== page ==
Advertising on Bing (Part 1)
We all know that Google is #1
However, you don’t have to use only Google for online advertisement just because it’s the biggest platform. There are plenty of other options out there.
Bing (and Yahoo! – remember that Bing owns Yahoo! now) is another option that is often overlooked. Let’s review the pros and cons of trying out your online advertising campaigns on Bing:
First, the demographics between Bing and Google are significantly different.
Bing’s audience is generally in the age range of 35+, but often times users will be between the age range of 55-64. Younger people tend to use Google over Bing for their search engine (according to www.seodesignsolutions.com).
This is an extremely important piece of data to note, especially considering that most Google users fall within the age range of 0-34. Consider the two following businesses:
Business 1: Mikey’s Awesome Shirts sells apparel revolving around famous rappers such as Lil Wayne, Tech N9ne, and Ludacris.
Business 2: Geriatric Fall Prevention sells bed alarms for fall prevention & anti-wandering for the elderly.
(rhetorical question) Speaking strictly from a demographic standpoint, which business to you think would be more appealing to an age range of 0-34 vs. 55-64?
That being said, this doesn’t mean that Bing will always underperform for products/services geared towards a younger generation, and the same is true for Google with products/services geared toward an older generation. The only way to know for sure is to try it out and analyze the results.
Tangent: I have a theory as to why this demographic difference is true, but I don’t have much evidence to back it up. Generally (from my experiences) when you download a Microsoft (Bing) product, there will always be a check box that says “change Bing to become my default browser search engine.” With Microsoft products, that check box is already checked for you (meaning you have to manually uncheck it).
When you download something from Google, this same box still generally exists, but the box isn’t checked for you. My guess is that people of the older generation (aka: less-internet-savvy, non-internet babies) are less aware of boxes that are checked/unchecked, and tend to just let Microsoft change their default browser for them. I personally think this is pretty shady, but it’s still something to be aware when advertising online.
Bing users are significantly more likely to have children.
The age demographic should certainly explain this. It’s more likely for people who are older to have children (mind blown!)
Bing has a higher percentage of users within the USA.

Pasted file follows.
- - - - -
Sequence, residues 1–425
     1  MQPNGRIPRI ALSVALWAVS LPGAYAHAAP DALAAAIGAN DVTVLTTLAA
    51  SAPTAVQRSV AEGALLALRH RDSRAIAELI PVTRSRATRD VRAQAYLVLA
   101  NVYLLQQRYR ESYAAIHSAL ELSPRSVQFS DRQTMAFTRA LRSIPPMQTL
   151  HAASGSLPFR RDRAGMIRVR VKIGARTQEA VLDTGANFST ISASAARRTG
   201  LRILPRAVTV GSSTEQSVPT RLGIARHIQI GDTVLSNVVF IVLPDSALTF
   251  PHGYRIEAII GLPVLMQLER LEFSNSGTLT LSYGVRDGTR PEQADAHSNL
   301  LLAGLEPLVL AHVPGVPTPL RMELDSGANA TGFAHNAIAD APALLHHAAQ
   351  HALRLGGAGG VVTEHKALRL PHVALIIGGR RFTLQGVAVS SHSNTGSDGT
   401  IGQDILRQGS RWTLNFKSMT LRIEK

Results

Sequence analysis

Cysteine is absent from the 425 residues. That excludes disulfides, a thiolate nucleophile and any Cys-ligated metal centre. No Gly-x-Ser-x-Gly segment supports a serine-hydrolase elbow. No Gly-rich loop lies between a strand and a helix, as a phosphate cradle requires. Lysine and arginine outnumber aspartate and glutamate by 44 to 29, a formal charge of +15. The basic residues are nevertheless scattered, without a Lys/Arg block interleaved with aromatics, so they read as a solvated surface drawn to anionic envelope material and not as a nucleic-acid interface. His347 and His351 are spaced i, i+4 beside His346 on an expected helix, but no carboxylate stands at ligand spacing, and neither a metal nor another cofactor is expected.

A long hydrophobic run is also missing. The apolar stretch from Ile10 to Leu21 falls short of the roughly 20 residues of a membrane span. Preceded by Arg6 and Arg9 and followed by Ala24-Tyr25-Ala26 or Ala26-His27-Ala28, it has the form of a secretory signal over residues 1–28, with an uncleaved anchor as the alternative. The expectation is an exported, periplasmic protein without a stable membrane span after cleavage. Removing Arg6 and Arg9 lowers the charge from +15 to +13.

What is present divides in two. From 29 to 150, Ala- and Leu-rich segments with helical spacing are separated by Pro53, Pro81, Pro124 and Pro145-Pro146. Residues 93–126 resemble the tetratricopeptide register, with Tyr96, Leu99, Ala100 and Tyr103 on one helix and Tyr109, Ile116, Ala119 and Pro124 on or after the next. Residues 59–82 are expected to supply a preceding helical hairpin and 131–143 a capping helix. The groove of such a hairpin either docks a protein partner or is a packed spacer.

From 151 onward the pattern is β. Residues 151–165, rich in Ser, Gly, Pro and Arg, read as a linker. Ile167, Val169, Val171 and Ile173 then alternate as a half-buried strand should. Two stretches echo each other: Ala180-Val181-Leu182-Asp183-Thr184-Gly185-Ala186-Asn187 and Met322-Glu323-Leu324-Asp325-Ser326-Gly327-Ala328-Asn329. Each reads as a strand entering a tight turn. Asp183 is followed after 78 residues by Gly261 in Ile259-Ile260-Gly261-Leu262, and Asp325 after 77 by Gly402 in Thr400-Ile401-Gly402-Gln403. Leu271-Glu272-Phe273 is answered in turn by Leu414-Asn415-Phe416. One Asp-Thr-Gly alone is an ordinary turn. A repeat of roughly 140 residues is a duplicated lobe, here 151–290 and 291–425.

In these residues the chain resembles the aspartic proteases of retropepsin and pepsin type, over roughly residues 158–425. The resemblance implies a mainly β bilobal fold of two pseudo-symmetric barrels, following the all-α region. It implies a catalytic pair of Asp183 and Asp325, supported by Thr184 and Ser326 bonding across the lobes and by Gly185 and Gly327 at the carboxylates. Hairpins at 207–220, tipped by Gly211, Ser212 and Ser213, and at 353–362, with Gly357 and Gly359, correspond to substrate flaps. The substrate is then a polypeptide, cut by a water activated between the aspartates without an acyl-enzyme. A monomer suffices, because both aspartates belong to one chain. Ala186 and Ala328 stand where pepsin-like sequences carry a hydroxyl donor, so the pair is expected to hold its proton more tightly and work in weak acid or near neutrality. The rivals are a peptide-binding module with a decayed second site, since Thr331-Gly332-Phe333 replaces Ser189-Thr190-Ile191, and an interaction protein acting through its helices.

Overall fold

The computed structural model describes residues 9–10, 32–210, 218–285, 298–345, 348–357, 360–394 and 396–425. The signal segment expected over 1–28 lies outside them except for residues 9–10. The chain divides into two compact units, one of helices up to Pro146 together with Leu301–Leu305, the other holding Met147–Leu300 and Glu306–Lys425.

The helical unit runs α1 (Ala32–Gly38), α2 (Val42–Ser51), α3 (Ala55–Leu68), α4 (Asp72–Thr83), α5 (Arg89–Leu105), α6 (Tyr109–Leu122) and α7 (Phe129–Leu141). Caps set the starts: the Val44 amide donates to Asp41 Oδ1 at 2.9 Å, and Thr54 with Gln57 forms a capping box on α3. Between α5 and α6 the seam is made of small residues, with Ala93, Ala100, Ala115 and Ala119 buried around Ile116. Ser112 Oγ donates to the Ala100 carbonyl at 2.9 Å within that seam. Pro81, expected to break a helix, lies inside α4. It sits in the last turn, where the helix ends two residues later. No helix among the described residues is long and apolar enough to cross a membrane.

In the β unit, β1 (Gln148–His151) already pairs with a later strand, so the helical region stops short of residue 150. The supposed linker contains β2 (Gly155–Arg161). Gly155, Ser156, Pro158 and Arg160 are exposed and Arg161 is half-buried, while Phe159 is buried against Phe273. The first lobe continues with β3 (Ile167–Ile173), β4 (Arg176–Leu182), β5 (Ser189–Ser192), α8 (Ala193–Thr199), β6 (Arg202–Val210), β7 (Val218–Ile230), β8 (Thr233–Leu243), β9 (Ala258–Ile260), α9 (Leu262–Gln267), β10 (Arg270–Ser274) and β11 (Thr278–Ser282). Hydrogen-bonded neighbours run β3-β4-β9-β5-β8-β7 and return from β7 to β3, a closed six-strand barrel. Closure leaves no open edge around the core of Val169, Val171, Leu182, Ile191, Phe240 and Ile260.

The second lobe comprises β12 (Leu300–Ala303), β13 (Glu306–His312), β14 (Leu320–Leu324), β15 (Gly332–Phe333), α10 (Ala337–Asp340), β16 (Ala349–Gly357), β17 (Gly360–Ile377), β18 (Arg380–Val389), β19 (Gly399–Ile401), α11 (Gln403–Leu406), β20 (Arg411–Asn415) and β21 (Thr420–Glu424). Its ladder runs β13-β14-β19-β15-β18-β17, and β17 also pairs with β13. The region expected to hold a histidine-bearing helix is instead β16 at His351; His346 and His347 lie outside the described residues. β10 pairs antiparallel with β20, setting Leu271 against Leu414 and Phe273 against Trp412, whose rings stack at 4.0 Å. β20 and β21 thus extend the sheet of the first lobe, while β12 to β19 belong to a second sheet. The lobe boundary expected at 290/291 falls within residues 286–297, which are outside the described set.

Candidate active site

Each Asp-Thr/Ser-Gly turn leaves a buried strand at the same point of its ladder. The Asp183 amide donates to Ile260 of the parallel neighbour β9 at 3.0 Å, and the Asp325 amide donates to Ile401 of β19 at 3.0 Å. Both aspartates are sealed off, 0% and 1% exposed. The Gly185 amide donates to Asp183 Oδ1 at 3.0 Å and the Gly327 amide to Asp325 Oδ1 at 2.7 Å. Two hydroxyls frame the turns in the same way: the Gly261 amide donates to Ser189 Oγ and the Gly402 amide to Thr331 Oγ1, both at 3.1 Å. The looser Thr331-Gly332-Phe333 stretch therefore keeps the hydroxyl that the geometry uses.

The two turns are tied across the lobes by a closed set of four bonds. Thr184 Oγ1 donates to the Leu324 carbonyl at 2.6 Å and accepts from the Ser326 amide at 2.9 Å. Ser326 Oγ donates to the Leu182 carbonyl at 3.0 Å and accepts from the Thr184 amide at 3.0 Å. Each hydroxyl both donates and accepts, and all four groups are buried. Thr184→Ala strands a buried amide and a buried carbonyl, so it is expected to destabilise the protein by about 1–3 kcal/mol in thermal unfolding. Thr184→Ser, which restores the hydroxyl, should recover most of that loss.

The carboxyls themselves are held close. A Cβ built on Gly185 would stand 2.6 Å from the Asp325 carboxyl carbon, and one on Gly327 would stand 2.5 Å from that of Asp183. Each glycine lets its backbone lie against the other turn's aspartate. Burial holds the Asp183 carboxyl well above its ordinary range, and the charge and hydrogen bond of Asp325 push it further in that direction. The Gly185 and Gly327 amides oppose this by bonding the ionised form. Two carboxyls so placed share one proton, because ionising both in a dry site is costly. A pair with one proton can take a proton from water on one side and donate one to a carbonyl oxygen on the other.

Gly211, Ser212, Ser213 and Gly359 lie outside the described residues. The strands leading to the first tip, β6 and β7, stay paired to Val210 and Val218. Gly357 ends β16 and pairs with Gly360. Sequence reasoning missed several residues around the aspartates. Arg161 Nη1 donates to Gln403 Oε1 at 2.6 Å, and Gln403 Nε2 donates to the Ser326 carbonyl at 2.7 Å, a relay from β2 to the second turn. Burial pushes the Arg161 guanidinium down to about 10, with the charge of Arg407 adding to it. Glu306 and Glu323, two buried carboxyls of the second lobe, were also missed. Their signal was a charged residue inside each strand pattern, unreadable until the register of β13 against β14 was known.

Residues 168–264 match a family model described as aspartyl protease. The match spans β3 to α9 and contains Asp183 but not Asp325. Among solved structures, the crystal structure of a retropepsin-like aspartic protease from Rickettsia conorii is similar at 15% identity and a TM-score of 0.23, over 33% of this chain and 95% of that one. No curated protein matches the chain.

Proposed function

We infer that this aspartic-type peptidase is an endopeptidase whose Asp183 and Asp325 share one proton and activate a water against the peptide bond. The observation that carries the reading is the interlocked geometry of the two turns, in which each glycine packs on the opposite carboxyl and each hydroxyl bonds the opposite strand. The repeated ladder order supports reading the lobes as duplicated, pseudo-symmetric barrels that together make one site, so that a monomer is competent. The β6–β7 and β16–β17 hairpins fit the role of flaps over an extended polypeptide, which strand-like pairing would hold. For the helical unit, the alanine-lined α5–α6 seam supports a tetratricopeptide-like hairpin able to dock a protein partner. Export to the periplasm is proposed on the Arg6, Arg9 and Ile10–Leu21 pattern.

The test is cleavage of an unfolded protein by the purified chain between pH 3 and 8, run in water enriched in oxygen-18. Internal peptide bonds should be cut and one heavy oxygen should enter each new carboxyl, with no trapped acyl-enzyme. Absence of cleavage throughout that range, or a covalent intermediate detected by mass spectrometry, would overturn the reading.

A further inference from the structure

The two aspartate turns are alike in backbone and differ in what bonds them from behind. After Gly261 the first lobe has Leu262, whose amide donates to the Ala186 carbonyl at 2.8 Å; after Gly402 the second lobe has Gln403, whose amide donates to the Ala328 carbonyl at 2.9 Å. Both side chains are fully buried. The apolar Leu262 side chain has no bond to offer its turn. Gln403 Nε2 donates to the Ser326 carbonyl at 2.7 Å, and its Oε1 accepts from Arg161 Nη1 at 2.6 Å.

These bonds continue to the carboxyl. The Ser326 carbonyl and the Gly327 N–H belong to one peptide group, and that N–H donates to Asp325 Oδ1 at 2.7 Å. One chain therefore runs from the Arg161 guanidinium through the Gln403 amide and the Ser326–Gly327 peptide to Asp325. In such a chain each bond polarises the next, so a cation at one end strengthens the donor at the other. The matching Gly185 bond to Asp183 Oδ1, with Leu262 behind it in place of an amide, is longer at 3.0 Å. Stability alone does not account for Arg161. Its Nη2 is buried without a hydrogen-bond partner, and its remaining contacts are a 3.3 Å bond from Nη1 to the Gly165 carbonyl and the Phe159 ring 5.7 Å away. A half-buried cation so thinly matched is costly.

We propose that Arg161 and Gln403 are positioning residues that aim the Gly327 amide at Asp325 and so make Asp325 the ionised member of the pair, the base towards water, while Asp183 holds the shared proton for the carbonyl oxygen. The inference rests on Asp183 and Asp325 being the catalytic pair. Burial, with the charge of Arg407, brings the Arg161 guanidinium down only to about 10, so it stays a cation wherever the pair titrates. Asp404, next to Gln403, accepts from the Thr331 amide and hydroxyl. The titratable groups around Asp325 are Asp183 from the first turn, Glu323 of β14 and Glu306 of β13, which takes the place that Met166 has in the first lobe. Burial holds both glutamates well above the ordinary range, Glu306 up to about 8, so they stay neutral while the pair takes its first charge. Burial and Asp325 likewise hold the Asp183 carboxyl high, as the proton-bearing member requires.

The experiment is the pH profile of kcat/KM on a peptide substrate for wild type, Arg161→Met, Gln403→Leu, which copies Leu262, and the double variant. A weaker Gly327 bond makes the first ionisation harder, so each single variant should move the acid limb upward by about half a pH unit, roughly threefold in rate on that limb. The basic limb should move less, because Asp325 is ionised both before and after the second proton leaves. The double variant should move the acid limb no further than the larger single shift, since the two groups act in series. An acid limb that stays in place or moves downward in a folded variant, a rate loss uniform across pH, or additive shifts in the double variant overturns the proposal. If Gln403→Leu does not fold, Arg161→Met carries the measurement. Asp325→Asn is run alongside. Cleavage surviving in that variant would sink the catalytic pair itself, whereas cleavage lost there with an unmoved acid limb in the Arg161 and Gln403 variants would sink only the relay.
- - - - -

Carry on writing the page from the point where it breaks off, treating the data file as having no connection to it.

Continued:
There isn’t a massive difference here, but according to www.seodesignsolutions.com, Google’s traffic from the United States makes up ~34% of their total demographic whereas Bing is sitting at ~40%. If you only advertise within the United States, then the percentage of users within the area that’s going to be relevant to your products/services is higher on Bing. This means that, even though Bing is a smaller platform, there still may be a large portion of additional traffic that you could be accessing.
Let’s talk about a couple cons:
My two biggest pet peeves about Bing:
1.) Poor customer support compared to Google
Whenever I call into Google with a question or concern, they are always able to help me on-the-spot, or if they can’t, they escalate my ticket to someone who can. I generally never have to wait more than 3 minutes to troubleshoot an issue. However, whenever I call Bing support, they make me jump through tons of hoops and my question is generally left unanswered. For the most part, when I have issues with the Bing platform, I’m on my own to figure it out. I generally need to forego Bing’s support and instead consult forums or co-workers.
2.) Harder to manage changes
Google and Bing both have an editor program that allows you to make mass changes to your campaigns significantly more efficiently. It’s much better than doing them through the browser interface (Download Bing editor here; download AdWords editor here). Google’s editor is easy to use, but Bing’s editor lags and bugs much more frequently. The Bing editor is still good enough, but it will likely take you longer to get used to their UI as it’s much harder to use. This becomes increasingly frustrating when you have an issue that you cannot solve and thus need to contact Bing’s support.
These issues aside, I have still managed plenty of campaigns that perform well on Bing. If you’re looking for a new platform to expand your online advertisement, then I highly recommend trying Bing.
“So… how do I try out advertising on Bing?”
Stay tuned for my next article regarding how to properly import your AdWords campaigns over to Bing!